- Oldest ex-MLB player dies in Cuba, 2 days shy of 103rd birthday
- ‘Top Gun’ for drones: Squadrons of carrier-based killers have Navy’s approval
- Bill Clinton to endorse Charlie Rangel for re-election
- Pfc. Bradley Manning is now Pfc. Chelsea Manning: Court says so
- Secret base U.S. special forces used to train Libyans now under terrorist control: report
- 9th suspect in N.C. kidnapping turns self in to FBI
- L.A. sheriff admits to testing flyover spy program without notifying residents
- Foreign minister vows response if Russians are attacked in Ukraine
- Robert Griffin III to drive pace car before Richmond NASCAR race
- Material on Australian shore examined in jet hunt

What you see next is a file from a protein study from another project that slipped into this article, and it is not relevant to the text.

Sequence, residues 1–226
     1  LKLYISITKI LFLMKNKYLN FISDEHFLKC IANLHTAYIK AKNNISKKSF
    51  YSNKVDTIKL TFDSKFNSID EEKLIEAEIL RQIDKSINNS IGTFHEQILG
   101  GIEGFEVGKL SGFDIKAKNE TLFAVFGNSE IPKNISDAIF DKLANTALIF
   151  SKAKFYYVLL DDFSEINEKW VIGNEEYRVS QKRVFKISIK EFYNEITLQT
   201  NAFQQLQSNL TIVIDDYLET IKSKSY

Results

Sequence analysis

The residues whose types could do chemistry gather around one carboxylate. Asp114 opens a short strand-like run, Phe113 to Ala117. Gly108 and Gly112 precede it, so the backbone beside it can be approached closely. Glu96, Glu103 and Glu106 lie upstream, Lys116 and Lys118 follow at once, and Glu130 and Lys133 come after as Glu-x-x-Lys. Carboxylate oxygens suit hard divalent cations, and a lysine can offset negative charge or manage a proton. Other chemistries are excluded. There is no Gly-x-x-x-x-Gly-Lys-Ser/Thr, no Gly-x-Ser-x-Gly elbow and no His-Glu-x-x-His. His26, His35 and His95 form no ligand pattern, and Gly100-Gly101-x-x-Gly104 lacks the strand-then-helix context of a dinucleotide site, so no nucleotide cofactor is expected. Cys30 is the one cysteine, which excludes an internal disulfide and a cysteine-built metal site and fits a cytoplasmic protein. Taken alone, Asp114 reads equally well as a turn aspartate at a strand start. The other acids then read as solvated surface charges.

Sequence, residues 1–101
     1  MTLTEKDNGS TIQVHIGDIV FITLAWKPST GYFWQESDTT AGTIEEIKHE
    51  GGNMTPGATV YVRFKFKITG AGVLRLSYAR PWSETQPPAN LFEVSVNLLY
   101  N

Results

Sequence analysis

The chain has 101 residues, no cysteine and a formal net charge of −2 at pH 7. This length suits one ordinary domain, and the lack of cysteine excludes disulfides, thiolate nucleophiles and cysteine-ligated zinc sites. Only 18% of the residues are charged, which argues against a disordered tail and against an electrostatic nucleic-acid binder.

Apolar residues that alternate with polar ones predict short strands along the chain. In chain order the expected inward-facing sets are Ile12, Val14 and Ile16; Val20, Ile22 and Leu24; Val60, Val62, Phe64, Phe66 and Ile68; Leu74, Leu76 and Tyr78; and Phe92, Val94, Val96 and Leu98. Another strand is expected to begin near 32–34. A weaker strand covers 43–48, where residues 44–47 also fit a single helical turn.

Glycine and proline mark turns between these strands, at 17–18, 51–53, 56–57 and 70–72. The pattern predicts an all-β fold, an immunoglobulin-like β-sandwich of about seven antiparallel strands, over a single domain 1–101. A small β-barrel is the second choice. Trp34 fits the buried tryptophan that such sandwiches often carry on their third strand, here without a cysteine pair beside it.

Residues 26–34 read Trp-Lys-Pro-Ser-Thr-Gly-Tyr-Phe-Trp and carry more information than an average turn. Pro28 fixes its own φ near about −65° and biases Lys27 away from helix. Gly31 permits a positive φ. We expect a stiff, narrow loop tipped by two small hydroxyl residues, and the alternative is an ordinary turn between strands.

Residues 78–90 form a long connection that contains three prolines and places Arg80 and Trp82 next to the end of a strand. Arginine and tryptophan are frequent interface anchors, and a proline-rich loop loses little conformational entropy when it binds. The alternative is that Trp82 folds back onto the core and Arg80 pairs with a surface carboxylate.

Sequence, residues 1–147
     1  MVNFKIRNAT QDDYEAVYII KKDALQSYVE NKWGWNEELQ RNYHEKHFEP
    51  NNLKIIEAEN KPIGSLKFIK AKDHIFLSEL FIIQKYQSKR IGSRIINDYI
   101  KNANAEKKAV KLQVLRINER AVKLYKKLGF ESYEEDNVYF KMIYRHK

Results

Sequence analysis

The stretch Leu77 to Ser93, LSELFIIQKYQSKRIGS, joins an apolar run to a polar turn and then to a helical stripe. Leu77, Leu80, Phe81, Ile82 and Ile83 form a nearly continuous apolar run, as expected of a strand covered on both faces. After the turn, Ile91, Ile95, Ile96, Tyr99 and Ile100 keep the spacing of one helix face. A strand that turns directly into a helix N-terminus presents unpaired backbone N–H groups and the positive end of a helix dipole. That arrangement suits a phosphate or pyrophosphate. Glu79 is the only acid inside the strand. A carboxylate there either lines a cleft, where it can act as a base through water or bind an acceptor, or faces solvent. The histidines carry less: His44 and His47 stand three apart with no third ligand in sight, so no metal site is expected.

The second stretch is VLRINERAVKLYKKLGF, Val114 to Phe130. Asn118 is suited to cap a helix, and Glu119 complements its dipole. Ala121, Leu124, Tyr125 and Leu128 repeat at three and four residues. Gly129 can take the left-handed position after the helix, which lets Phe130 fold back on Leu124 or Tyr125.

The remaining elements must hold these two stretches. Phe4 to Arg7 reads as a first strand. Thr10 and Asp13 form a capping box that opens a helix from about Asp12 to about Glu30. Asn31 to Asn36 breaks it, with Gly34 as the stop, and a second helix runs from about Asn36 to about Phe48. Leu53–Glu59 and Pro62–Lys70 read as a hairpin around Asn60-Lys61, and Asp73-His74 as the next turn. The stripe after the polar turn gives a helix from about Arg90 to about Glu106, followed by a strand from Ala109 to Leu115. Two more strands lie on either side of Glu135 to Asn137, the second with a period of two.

Feds who send arms against ranch families betray American values
Topic - Michael Burleigh
In the decades after World War II, much of the world feared a calamitous nuclear confrontation between the United States and the Soviet Union. Ultimately, the Cold War remained cold, and the peace was disturbed primarily by a succession of brush-fire wars that often were irrelevant to the superpowers' rivalry.
Evil is a word that seems to have fallen out of current usage. The eminent British historian, Michael Burleigh, however, doesn't shy away from using it and describes in bone-chilling detail its manifestations in his latest book, "Moral Combat: Good and Evil in World War II."
Mr. Burleigh writes with engaging wit, but rarely analyzes his complex insurgencies in depth.
Michael Burleigh, a Briton who has written extensively about war in the 20th century, takes the reader on a tour of conflicts ranging in size from the Huk uprising in the Philippines to the Korean War.